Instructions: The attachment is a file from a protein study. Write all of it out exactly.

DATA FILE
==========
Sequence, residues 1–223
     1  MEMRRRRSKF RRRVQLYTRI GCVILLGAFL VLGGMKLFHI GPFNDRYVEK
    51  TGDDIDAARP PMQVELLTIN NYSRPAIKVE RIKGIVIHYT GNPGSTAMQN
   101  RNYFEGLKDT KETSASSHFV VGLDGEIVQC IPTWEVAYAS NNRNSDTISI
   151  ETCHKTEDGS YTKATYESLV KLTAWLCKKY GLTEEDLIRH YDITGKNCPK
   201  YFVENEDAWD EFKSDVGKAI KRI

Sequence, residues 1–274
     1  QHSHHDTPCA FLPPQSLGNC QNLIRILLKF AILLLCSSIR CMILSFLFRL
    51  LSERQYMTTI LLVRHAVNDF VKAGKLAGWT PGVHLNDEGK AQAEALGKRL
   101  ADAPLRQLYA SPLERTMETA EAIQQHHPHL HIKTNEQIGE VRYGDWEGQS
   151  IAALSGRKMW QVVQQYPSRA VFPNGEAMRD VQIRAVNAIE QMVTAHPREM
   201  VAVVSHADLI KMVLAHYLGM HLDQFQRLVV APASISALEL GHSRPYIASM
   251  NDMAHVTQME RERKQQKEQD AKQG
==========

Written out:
Sequence, residues 1–223
     1  MEMRRRRSKF RRRVQLYTRI GCVILLGAFL VLGGMKLFHI GPFNDRYVEK
    51  TGDDIDAARP PMQVELLTIN NYSRPAIKVE RIKGIVIHYT GNPGSTAMQN
   101  RNYFEGLKDT KETSASSHFV VGLDGEIVQC IPTWEVAYAS NNRNSDTISI
   151  ETCHKTEDGS YTKATYESLV KLTAWLCKKY GLTEEDLIRH YDITGKNCPK
   201  YFVENEDAWD EFKSDVGKAI KRI

Sequence, residues 1–274
     1  QHSHHDTPCA FLPPQSLGNC QNLIRILLKF AILLLCSSIR CMILSFLFRL
    51  LSERQYMTTI LLVRHAVNDF VKAGKLAGWT PGVHLNDEGK AQAEALGKRL
   101  ADAPLRQLYA SPLERTMETA EAIQQHHPHL HIKTNEQIGE VRYGDWEGQS
   151  IAALSGRKMW QVVQQYPSRA VFPNGEAMRD VQIRAVNAIE QMVTAHPREM
   201  VAVVSHADLI KMVLAHYLGM HLDQFQRLVV APASISALEL GHSRPYIASM
   251  NDMAHVTQME RERKQQKEQD AKQG